Does Protecting Older Workers from Discrimination Make It Harder to Get Hired? Evidence from Disability Discrimination Laws by David Neumark, Joanne Song, Patrick Button - #21379 (AG LS)
Monday, July 20, 2015
We explore the effects of disability discrimination laws on hiring of older workers. A concern with anti-discrimination laws is that they may reduce hiring by raising the cost of terminations and - in the specific case of disability discrimination laws - raising the cost of employment because of the need to accommodate disabled workers. Moreover, disability discrimination laws can affect non-disabled older workers because they are fairly likely to develop work-related disabilities, yet are not protected by these laws. Using state variation in disability discrimination protections, we find little or no evidence that stronger disability discrimination laws lower the hiring of non-disabled older workers. We similarly find no evidence of adverse effects of disability discrimination laws on hiring of disabled older workers.
Supplemental Plan Offerings and Retirement Saving Choices: An Analysis of North Carolina School Districts by Robert L. Clark, Emma Hanson, Melinda Sandler Morrill, Aditi Pathak - #21382 (AG)
Unlike private sector employers, public school districts generally offer more than one type of supplemental retirement savings plan and allow multiple vendors to offer products. Using individual-level payroll data from over half of the public school districts in North Carolina coupled with data from an employer survey, this study examines the impact of inter-district differences in supplemental plan administration on participation in these savings vehicles. We find wide variation in total participation rates and in 403(b) plan participation rates in particular, even among this population of public-sector workers with the same defined benefit pension plan, health plan, and retiree health coverage. Individual and district characteristics explain some, but not all, of the variation observed.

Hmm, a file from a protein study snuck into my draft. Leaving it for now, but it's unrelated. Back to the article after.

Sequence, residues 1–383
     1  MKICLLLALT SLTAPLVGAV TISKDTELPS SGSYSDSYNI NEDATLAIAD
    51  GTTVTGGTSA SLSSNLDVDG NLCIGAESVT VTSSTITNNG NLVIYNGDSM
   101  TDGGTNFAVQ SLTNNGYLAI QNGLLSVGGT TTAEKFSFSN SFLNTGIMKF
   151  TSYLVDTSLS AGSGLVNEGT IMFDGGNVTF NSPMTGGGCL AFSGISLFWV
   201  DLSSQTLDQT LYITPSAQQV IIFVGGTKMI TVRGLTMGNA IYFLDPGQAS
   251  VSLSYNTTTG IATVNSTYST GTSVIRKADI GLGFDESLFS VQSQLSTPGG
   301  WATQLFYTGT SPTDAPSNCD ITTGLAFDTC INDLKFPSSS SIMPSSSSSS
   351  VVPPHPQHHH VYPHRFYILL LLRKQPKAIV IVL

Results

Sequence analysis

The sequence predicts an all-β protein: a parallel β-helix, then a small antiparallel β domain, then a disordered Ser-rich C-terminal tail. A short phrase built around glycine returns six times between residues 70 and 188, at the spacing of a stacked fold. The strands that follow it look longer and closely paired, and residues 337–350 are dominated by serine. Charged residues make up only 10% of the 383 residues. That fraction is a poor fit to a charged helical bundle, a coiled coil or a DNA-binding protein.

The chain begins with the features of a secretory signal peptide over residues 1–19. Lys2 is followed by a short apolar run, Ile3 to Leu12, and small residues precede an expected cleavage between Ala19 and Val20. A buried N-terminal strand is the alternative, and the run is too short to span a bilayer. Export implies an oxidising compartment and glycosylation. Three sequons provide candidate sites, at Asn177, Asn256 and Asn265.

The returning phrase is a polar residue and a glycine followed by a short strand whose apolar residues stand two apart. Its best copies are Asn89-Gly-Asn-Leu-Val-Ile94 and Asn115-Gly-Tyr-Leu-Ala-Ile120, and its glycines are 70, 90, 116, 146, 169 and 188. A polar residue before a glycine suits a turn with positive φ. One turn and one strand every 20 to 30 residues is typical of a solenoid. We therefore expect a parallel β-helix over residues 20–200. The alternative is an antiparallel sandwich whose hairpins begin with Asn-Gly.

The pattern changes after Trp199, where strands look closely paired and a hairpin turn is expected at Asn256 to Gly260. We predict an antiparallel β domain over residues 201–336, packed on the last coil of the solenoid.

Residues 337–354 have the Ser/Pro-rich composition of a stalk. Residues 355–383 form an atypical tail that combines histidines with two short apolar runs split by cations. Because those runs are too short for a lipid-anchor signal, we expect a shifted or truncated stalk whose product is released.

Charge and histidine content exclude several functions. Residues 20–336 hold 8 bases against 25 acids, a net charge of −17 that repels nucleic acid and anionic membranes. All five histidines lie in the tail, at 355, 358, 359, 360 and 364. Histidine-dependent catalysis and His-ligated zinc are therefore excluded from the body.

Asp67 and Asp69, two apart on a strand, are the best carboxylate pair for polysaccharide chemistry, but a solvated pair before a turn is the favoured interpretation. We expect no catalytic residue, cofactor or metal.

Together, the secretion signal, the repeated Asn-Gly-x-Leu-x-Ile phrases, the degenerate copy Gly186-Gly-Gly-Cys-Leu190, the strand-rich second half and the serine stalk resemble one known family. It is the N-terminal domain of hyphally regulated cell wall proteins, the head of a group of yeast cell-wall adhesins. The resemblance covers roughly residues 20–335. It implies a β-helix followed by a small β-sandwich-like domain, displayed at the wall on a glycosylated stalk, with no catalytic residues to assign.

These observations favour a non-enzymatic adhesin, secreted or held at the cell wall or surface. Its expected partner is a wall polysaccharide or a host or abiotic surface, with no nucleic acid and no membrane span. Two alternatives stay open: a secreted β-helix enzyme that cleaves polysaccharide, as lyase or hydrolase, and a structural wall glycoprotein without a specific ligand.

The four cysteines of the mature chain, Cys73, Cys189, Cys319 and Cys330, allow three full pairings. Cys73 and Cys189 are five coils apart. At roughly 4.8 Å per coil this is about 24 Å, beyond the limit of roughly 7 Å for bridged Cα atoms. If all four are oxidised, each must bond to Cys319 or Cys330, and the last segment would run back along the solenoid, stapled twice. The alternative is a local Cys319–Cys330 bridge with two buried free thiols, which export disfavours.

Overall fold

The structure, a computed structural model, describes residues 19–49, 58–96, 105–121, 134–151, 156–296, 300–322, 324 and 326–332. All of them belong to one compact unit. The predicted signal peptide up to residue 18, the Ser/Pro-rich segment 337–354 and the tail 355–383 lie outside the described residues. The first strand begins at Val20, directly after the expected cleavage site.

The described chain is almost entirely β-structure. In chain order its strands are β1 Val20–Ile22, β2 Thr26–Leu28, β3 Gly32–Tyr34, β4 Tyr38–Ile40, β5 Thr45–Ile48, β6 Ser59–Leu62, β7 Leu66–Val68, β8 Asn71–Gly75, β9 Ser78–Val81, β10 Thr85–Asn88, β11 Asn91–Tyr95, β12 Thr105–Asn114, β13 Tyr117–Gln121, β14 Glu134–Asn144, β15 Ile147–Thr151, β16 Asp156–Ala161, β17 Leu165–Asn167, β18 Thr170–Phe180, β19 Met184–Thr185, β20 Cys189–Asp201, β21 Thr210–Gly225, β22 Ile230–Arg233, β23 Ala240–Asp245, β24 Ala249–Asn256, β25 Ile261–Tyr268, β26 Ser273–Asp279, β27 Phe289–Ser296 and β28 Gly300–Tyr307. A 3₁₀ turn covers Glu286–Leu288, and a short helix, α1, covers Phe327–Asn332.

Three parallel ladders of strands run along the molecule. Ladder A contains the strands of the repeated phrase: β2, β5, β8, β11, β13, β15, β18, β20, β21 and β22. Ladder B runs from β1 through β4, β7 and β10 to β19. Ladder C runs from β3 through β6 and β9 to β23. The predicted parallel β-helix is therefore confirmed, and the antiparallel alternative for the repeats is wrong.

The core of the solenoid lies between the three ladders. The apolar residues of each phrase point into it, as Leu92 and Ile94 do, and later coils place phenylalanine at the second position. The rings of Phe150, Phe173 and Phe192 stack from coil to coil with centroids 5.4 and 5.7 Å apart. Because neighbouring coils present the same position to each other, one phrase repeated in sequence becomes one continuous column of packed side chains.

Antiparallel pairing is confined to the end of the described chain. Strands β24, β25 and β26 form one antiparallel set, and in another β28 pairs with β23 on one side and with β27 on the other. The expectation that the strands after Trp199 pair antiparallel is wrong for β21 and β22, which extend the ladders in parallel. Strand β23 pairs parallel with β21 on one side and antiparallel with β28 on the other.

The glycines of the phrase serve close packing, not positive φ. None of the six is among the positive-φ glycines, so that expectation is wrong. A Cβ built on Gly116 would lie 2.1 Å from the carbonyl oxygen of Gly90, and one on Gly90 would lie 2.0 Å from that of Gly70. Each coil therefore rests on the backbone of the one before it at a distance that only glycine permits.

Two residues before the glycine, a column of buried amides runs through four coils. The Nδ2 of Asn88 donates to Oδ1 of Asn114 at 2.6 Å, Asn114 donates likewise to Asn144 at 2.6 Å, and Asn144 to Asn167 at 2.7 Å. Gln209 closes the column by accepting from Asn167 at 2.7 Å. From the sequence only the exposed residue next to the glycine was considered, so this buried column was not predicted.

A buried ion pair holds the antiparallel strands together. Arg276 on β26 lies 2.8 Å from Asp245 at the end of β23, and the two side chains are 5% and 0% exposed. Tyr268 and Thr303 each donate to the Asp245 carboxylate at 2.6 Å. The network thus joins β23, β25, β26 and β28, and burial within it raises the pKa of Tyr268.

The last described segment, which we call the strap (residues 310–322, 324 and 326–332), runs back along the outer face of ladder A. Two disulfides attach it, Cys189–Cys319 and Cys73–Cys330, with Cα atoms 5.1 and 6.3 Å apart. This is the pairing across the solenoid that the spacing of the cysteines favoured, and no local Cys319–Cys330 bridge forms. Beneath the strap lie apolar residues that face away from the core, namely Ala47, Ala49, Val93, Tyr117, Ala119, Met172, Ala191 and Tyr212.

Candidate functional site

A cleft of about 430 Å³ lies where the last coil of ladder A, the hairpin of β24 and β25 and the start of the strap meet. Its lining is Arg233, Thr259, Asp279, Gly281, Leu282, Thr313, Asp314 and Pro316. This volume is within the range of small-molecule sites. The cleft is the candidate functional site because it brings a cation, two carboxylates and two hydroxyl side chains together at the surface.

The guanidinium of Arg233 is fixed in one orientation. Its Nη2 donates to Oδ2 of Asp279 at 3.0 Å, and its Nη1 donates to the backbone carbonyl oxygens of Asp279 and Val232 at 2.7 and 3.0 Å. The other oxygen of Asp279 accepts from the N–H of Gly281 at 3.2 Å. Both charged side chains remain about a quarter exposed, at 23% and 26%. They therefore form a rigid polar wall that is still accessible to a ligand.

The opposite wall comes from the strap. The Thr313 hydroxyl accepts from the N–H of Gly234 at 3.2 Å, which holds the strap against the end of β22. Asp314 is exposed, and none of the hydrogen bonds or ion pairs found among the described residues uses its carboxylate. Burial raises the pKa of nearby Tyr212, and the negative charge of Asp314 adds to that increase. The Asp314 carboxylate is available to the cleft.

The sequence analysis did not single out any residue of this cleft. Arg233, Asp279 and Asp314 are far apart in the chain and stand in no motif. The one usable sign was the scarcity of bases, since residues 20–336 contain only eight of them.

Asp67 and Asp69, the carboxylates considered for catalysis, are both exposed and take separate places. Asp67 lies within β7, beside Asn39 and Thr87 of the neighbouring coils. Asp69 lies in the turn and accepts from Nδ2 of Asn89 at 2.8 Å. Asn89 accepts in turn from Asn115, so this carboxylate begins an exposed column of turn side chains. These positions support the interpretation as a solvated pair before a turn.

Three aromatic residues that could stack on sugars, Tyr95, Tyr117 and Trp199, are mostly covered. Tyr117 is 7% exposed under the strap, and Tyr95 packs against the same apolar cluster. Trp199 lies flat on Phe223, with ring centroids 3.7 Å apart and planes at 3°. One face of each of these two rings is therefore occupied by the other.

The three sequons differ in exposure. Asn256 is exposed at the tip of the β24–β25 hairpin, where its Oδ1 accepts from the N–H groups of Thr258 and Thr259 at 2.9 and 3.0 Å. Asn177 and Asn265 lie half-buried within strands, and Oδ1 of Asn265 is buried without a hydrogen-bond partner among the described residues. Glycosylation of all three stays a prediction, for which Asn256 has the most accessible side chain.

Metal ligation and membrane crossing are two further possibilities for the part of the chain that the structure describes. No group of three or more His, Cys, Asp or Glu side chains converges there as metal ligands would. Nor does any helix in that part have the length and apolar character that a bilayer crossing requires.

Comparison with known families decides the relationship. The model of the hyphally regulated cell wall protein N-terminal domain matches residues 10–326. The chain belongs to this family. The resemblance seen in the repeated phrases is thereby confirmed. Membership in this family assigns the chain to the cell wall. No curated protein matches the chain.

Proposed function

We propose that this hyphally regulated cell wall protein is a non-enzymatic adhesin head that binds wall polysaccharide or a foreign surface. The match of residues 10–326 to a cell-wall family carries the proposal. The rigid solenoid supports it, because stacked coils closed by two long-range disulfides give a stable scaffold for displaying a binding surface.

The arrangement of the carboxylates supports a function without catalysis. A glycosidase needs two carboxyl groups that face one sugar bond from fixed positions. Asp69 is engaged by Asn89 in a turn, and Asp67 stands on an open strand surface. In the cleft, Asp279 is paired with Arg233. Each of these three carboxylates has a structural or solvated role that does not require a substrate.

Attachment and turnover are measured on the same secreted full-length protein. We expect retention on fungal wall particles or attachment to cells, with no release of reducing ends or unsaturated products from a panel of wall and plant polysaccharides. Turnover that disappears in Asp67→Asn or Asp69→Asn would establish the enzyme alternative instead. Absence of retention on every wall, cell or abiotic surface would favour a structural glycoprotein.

Lessons for Public Pensions from Utah's Move to Pension Choice by Robert L. Clark, Emma Hanson, Olivia S. Mitchell - #21385 (AG LS PE)
We explore what happened when the state of Utah moved away from its traditional defined benefit pension. In its place, it offered new hires a choice between a conventional defined contribution plan and a hybrid plan option, where the latter has both a guaranteed benefit component and a defined contribution plan where employees bear investment risk. We show that around 60 percent of new hires failed to make any active choice and, as a result, were automatically defaulted into the hybrid plan. Slightly more than half of those who made an active choice elected the hybrid plan. Post-reform,employees who failed to actively elect a primary retirement plan were also far less likely to enroll in a supplemental retirement account, compared to new hires who actively selected a plan. We also find that employees hired following the reform were more likely to leave public employment, resulting in higher separation rates. This could reflect a reduction in the desirability of public employment under the new pension design and an improving economic climate in the
state. Our results imply that public pension reformers must consider employee responses in addition to potential cost savings, when developing and enacting major pension plan changes.
Posted by Andrew G. Biggs at 2:25 PM